Review: QSA-Lanedri ‘Spectra Prince’ and ‘Gamma Infinity’ power cords

For the last several years a company named Quantum Science Audio (QSA) has caused waves across the audio community with several product lines of fuses, duplex outlets, and ‘jitter plugs’; they were known for quite a devoted following and also their high prices. In the beginning of 2023, a new brand named QSA-Lanedri was started to tackle the cable market using QSA technology. This is a review of my purchased QSA-Lanedri cables.

TLDR: I tried these cables and, holy cow, I’m keeping them!

Let’s first tackle the 800 lbs gorilla in the room upfront — almost a year ago I first heard about QSA-Lanedri cables and thought: “What is this expensive non-sense? Do they really have some secret technology?” Doubt was understandably my initial impression of these cables despite the rave from some audiophiles who I trust and respect. The audio cable market is crowded with many esoteric companies, and QSA-Lanedri sounded to be on the outlandish end. As more trusted folks adopted QSA-Lanedri into their systems, my bias still did not change. QSA’s vague descriptions of “acting at the quantum level”, “superior flow of electrons”, and “musical metal technology” really made it worse for me – like many fellow audiophiles I consider myself educated in an area of science, and I tend to believe things that make sense and seem plausible. I especially like to be wowed by measurable demonstrations and logical electrical design, explaining why I am a fan of Shunyata cables. And then there’s QSA-Lanedri’s high prices… it is even harder to overcome disbelief when a manufacturer tries to sell fairy dust and unicorn essence for $4,000 to $22,0000 (per cable).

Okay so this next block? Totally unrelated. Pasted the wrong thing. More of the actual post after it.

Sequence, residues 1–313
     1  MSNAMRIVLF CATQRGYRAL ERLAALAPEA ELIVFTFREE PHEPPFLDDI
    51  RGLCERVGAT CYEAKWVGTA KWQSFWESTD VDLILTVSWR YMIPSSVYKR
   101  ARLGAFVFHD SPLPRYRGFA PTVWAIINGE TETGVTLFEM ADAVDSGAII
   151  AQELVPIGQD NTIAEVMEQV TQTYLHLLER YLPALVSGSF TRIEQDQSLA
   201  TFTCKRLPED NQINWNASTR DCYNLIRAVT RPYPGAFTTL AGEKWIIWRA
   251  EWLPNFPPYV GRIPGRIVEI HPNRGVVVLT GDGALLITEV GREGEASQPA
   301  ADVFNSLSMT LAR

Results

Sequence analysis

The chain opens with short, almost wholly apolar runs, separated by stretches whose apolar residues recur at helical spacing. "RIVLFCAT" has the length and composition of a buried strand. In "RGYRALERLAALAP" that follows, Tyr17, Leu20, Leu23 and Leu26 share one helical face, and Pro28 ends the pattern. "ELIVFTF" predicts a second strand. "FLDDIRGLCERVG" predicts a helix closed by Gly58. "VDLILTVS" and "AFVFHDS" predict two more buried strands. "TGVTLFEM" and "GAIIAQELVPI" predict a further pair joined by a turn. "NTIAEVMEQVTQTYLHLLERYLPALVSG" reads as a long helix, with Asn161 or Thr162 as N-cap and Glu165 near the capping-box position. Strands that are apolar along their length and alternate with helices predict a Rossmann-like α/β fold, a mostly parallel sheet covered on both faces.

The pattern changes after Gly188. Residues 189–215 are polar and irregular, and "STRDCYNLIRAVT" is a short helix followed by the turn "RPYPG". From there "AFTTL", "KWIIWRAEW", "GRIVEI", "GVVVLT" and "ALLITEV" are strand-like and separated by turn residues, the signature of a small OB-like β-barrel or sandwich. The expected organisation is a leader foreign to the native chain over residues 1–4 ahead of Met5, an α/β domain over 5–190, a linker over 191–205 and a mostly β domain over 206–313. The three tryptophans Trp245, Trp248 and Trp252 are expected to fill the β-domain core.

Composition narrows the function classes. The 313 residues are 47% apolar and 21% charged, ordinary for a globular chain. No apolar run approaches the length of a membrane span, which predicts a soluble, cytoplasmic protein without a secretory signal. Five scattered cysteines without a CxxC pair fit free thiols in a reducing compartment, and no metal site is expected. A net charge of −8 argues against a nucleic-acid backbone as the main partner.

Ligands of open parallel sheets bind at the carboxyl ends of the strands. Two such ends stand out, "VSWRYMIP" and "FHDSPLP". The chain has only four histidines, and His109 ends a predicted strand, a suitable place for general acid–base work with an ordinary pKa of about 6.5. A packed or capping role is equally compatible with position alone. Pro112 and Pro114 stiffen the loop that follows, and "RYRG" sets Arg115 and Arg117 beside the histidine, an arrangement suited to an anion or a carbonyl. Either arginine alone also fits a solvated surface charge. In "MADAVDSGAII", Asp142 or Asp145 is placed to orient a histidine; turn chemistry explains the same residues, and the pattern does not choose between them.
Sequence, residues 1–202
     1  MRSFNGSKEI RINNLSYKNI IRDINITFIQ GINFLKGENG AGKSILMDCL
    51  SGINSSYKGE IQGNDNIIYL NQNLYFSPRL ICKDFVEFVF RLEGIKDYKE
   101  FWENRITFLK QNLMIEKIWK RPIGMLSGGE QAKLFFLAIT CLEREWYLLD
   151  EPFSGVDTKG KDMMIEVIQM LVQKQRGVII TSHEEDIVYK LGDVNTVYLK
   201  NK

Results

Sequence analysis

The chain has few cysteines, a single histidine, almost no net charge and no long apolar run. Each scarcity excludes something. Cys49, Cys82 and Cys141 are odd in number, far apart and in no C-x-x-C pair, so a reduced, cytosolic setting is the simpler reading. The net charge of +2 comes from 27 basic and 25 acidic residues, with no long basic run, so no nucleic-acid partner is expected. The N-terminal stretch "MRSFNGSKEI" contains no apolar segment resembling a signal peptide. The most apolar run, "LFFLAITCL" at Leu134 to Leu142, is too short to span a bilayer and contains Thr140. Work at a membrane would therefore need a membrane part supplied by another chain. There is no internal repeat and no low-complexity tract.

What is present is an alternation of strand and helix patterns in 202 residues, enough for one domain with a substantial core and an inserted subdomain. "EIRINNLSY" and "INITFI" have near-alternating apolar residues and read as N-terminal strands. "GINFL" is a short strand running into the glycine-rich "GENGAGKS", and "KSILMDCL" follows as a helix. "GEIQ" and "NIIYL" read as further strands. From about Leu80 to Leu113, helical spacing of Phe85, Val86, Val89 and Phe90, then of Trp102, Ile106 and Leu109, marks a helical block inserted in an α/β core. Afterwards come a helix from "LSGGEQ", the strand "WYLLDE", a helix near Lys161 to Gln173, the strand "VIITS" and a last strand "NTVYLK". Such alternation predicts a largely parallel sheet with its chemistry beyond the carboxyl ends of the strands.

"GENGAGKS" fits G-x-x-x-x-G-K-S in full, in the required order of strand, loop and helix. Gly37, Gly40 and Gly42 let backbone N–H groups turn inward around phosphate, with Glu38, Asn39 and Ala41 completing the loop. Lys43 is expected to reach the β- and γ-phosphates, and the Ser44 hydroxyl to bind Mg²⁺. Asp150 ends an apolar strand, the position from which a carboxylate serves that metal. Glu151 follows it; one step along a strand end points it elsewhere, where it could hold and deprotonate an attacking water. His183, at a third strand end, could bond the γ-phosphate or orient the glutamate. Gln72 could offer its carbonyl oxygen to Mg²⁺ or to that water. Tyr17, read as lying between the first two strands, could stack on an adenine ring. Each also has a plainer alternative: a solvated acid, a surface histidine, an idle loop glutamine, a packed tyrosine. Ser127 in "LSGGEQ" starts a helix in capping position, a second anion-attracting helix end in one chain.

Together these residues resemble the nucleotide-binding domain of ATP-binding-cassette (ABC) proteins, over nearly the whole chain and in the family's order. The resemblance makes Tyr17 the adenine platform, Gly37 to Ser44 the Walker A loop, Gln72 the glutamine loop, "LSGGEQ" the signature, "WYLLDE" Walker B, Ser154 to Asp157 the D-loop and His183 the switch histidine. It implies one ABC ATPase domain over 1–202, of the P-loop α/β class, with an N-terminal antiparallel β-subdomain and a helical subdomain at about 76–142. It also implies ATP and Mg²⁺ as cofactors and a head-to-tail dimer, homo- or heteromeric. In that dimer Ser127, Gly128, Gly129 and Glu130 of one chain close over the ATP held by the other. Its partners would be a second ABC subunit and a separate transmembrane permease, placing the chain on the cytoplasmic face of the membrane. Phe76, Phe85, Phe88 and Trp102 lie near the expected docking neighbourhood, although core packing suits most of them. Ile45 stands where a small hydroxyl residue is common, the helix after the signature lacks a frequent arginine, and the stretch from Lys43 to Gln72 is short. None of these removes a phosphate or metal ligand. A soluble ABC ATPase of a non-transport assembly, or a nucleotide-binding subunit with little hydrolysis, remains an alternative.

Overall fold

Fast forward a year, and I bought QSA-Lanedri’s Spectra Prince Infinity and the Gamma Infinity AC cords; please refer to the company’s website for more details of these products. So what happened? How did Keith break?

  1. I let go of the desire to justify QSA’s claims. No, I am not convinced they can actually measure quantum structure of metals, nor have the means to room-temperature superconductivity. But none of that matters. As an audiophile, I don’t really need to know how my gears work – it does not matter how my DAC measures, or my equipment’s frequency response curves, or how my Valvo tube measures against the Telefunken. All that matters is that it sounds damn good to me. I am okay with believing voodoo (my words) if it truly blows me away; we make the same argument all the time in comparing digital front ends or NOS tubes. While I am sure some folks (ahem ASR) might flay me for this purely subjective approach, I’d also challenge those on the Objective camp to show me the psychoacoustic equations that will guarantee Keith’s musical enjoyment.
  2. Anas Lanedri offers a money-back trial that de-risks trying them in my own system. If I can try it and don’t like it, no harm. And that facilitates our holy grail quest to pursue the best in sound, right?
  3. Enough folks raved about them. My doubt weakened against the idea that there could be a growing international fanbase falling for some delusional placebo effect, especially when some of these people started with the same skepticism as I had. FOMO hit me that there might be something real here that I just need to try it out for myself.

Anas Lanedri is the co-founder of QSA-Lanedri, and he is the customer-oriented interface who kindly answered my myriad of questions and recommended specific cables for my needs. The poor guy gets bombarded with, let’s just say ‘passionate’ and ‘strong willed’, questions from audiophiles all day especially due to their marketing, and he handles them with a kind patience and I appreciate that. He is also quick to respond either by email or his website chat, and was very helpful in guiding my decision for which cables were appropriate for this system. I was concerned about a potential placebo effect during the recommended 300-hour burn in, so Anas also kindly burned in my cables for a full week prior to shipping. The cables took less than 1 week to arrive from Belgium to Seattle, and each had a build quality commiserate with their price.